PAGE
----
The World Bank is working alongside the governments of Singapore and Japan to establish a disaster insurance pool to cover infrastructure risks for Asian countries, with the facility set to provide coverage from later this year.
The infrastructure focused disaster insurance facility is expected to be managed by the Southeast Asia Disaster Risk Insurance Facility (SEADRIF), a parametric disaster insurance program established with the support of the government of Japan, the Asian Development Bank and the World Bank.
A report from the Nikkei newspaper in Japan states that the countries of Myanmar and Laos are set to be the first to buy coverage under the facility, paying around $20 million each for policies designed to cover public infrastructure such as bridges against damages due to natural disasters.
The disaster insurance coverage will be parametric in nature and triggers are expected to feature satellite imagery and data, to help derive when claims payouts are due after infrastructure has been damaged during specific catastrophe events.
The hope is that the use of satellite imagery and data means payouts will still be made even if communication networks within the affected country are damaged or unavailable.
The immediate focus will be on lower-income countries in Asia, but we understand the facility could expand to cover middle income Asian economies as well.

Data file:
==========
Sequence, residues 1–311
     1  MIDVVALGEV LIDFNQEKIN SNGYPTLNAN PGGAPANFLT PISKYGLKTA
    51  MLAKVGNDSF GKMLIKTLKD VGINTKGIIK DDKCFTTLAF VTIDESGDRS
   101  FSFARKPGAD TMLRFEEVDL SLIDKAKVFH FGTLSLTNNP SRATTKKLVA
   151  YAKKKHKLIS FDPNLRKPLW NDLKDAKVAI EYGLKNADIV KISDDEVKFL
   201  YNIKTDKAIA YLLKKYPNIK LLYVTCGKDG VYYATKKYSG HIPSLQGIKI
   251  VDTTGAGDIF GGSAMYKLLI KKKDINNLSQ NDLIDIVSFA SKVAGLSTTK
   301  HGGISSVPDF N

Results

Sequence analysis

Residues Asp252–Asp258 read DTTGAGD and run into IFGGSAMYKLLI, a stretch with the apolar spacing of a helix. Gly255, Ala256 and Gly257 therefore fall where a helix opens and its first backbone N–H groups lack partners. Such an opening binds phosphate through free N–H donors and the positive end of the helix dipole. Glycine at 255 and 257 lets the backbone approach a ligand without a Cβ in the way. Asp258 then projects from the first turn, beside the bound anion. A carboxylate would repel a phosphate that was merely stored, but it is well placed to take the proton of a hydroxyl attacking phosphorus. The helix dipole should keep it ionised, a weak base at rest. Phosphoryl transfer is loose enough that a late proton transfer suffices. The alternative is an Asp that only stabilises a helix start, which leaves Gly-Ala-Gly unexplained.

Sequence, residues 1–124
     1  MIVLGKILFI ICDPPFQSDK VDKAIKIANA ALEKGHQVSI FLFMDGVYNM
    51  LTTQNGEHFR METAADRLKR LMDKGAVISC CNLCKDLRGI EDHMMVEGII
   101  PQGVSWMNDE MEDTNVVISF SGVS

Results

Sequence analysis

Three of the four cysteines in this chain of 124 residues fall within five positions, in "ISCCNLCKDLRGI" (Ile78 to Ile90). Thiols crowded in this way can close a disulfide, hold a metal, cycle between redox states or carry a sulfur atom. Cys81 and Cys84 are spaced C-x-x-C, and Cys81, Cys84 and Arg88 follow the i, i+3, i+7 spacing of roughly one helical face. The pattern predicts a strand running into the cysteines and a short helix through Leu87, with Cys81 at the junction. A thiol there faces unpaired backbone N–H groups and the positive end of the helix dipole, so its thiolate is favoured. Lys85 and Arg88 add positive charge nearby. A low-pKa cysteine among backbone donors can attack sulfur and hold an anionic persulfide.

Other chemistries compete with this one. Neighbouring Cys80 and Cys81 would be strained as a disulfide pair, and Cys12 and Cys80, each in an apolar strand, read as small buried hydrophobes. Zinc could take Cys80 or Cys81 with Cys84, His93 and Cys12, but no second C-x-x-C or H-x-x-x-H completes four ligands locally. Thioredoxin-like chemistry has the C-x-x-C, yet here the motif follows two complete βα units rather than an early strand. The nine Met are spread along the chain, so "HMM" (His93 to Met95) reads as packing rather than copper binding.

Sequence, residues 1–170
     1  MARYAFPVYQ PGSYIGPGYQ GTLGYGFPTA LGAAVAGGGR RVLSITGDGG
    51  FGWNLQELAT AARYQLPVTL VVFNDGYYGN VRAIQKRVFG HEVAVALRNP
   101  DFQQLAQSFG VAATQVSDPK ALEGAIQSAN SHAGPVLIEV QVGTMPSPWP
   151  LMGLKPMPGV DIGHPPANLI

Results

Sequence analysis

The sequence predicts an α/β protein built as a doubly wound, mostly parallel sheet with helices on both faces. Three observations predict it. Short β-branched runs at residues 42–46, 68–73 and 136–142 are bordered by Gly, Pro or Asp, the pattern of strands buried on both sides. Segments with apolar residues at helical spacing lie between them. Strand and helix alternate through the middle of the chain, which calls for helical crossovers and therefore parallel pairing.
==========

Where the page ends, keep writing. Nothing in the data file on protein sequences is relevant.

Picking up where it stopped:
This will benefit the risk pool by adding diversification and scale, which will help in the provision of reinsurance capital to support its deliverables.
As well as the immediate coverage benefits for the governments in question, the hope is that having a source of disaster risk insurance for infrastructure will enable countries to rebuild more quickly and so reduce the hit to their economies from disasters.
This is also hoped to encourage foreign investors and companies operating in these countries, by providing greater certainty that disaster damages will be repaired swiftly, lowering the ultimate hit to their operations there.
With the World Bank’s involvement it will be interesting to see how this facility under SEADRIF scales up and how it sources its reinsurance capacity to support the infrastructure focused disaster risk pool.
SEADRIF itself was established to help bring parametric insurance solutions to countries in the Asia region for a range of use-cases, infrastructure protection being one of them.
It’s the latest in a range of disaster risk pooling facilities around the world that promise to be able to help the countries it covers benefit from modern risk transfer methods and economies of scale and diversification when accessing global reinsurance markets.